Which are two reasons bitcoin is useless as a medium of exchange.

    First, you don’t know from one minute to the next what the value of the currency so difficult to complete a deal for goods or services.

    Second, if the long term trend is always upward, then nobody will use it for purchasing anything because it’s value is likely to be greater tomorrow. That’s the problem of a deflating currency. The amount of commercial transactions using bitcoin is minuscule. Most of the transactions are speculators trading bitcoin with each other speculating on the daily volatility.

    1. Barkley Rosser

      Not clear that it is a “one way increase.” After the peak somewhere in 2017 it took a good three years for the price to get back up to that peak. Yes, it has since moved well beyond that, but it it now down quite a bit from its most recent peak. It got about as high as $57,000 or so, but as of today it is about $37,000. And there is no guarantee it will get going and move above that most recent peak anytime soon, if ever.

    2. Baffling

      One group of bitcoin supporters argue the value of bitcoin is as a store of value, not as a digital dollar. Thus far, it has held its value well in that regard. Volatility is less of an issue in that regard. Bitcoin is more of a digital gold than a digital dollar.

      1. Barkley Rosser

        Not if you bought it at its local peak of $19,000 in 2017 and wanted to cash it in for use to buy something real during the following three years.

        1. baffling

          gold has also had peaks that were followed by a drop, during which if you wanted to cash it in for a few years you lost value. this is not unique to bitcoin. when i say store of value, i don’t imply it is necessarily stable, especially in the short run. it is volatile. but over the longer run bitcoin has most certainly more than satisfied the store of value criteria. even those safe treasuries can suffer losses.
          one thing i read recently regarding crypto, and was surprised by the magnitude. several of the crypto exchanges apparently allow certain individuals to buy on margin, and some apparently have gotten 100 to 1 leverage. this has led to some of the spectacular gyrations we have seen in crypto. steven asked about leverage in crypto a few days ago. this is the first time i was made aware that there are some corners of crypto with significant leverage, although it seems to be limited to professional investors on those sites. if somebody knows any details about how much leverage is out there, would really like to know. that could be problematic.

          1. Barkley Rosser

            I would agree that in many ways bitcoin is like gold, although gold does have both clear real world uses that bitcoin does not, as well as a long history of having been recognized by governments as actually being money, although it has always been so rare and high value that it has never been a general widely used medium of exchange. Nevertheless it was used at one for limited high value transactions, which is indeed what seems to be what goes on with bitcoin now, although it does not have the recognition by governments gold did.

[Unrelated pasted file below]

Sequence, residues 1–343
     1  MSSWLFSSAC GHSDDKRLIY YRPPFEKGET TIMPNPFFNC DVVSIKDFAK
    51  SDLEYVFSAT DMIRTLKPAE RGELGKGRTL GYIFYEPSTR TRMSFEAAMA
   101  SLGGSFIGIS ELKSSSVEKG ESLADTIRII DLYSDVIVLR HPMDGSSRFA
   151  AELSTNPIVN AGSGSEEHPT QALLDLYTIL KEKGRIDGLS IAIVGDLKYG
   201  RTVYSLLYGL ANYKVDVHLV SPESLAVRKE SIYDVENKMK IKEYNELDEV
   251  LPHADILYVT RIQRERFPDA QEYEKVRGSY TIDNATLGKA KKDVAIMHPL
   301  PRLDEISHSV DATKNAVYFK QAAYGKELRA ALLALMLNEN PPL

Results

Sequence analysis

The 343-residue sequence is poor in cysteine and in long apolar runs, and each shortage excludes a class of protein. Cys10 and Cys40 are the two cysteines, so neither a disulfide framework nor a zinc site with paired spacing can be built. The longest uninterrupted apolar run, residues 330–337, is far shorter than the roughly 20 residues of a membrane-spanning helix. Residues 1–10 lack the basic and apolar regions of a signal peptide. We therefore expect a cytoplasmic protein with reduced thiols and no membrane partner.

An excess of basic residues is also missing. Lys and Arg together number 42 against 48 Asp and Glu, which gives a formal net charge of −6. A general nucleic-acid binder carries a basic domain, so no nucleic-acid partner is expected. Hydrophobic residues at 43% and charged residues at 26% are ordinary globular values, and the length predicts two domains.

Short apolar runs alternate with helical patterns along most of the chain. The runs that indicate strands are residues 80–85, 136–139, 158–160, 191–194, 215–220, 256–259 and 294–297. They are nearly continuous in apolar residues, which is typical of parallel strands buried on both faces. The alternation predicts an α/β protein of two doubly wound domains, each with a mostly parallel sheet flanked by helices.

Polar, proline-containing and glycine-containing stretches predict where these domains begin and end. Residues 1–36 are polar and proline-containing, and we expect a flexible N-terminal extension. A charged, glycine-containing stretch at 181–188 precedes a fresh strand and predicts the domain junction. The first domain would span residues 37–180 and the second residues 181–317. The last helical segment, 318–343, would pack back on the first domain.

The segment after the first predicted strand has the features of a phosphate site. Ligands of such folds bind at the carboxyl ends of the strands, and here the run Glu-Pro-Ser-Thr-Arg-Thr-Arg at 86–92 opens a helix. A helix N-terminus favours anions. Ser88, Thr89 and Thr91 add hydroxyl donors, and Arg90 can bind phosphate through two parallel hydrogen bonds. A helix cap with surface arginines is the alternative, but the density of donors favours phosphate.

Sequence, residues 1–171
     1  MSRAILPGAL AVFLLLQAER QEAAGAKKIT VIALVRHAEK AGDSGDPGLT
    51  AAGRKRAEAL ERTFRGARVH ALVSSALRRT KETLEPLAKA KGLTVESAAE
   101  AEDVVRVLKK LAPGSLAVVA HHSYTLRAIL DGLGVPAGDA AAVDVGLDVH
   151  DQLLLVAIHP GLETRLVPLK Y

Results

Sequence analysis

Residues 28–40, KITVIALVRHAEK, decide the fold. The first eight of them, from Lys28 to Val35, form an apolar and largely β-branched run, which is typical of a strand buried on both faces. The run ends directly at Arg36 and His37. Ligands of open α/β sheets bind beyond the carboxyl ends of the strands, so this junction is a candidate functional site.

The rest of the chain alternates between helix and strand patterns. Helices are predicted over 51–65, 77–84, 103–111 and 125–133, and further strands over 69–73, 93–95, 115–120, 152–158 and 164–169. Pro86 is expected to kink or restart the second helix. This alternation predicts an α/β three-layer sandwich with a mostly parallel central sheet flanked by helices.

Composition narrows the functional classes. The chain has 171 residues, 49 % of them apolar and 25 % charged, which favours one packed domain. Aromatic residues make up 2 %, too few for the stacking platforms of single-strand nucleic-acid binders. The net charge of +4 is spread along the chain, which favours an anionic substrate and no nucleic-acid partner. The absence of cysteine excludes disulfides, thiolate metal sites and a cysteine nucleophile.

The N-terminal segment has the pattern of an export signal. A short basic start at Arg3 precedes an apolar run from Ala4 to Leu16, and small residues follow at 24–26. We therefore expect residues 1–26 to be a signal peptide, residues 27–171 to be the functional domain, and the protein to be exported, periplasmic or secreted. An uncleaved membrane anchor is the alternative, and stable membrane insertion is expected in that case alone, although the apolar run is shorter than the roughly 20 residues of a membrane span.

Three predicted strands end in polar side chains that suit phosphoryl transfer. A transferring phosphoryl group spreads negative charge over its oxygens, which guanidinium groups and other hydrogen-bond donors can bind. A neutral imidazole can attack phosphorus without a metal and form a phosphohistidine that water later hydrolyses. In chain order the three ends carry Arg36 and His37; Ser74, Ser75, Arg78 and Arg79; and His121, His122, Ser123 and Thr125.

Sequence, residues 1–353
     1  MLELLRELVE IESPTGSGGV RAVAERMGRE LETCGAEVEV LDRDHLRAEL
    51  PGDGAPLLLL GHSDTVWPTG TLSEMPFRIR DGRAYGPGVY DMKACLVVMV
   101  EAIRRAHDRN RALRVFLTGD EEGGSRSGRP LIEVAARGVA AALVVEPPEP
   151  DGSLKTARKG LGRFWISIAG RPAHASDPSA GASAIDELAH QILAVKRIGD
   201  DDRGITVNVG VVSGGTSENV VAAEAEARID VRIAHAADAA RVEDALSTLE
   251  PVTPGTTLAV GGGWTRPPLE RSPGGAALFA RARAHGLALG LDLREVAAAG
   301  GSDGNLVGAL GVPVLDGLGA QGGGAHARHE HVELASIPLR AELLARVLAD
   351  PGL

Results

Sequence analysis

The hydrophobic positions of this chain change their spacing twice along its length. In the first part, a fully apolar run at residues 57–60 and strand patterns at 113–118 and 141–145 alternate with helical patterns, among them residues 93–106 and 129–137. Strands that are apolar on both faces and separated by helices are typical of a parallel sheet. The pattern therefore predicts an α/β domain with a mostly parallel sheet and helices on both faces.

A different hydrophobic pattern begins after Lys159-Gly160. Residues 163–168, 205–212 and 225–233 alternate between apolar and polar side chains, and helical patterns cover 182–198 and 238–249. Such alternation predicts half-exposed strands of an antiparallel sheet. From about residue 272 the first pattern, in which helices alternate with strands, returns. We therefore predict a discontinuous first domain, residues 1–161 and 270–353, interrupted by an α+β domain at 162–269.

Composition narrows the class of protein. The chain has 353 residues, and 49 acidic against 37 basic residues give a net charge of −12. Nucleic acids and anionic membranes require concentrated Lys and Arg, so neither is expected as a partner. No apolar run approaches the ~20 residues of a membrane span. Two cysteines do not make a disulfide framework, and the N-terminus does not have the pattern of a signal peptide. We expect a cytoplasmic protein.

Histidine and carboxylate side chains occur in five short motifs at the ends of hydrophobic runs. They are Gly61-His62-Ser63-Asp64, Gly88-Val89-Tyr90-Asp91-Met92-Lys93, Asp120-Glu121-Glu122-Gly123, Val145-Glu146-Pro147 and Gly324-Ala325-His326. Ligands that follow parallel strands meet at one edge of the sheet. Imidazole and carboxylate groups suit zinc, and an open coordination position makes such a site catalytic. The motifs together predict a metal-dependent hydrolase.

I find it funny that something as volatile as bitcoin is being touted as a “store of value.” Of course, again, if somebody bought it early and has held onto it, they have come out way ahead so far.

          2. Barkley Rosser


            BTW, the joke about gold as a “store of value” is that in fact there have been some pretty long stretches where if one bought at a peak in its price it was below that peak. The most recent such long stretch was the roughly 20 year stretch after its bubble burst in 1982. Pretty crummy store of value if you needed to cash in your holdings you bought at that peak for quite a long time.

            Oh, one other area where gold arguably has a lot more credibility than any crypto is that even though it has not had any official role anywhere for coming up on a half century as of August 15, is that it continues to be held in quite substantial quantities by most of the major leading central banks in the world. Heck, the Chinese one was doing regular buying of it for some time not all that long ago, arguably helping to keep it above $1000 an oz at one point a few years ago. And although one hears about Fort Knox, the largest amount owned in the US is actually in the basement of the New York Fed, just in case we have any wannabe Goldfingers out there.

          3. baffling

            from my own experience, i no longer consider the concept of “store of value” to imply stable and positive. very few things hold those characteristics as well as being liquid. nevertheless, it seems people are always trying to find the perfect product as a store of value. prior to the real estate bubble of 2007, i think a lot of people considered real estate a store of value in the sense it steadily (albeit slowly) increased its value, but with some liquidity issues. people always seem to be looking for the next great asset, rather than simple cash, to store their wealth.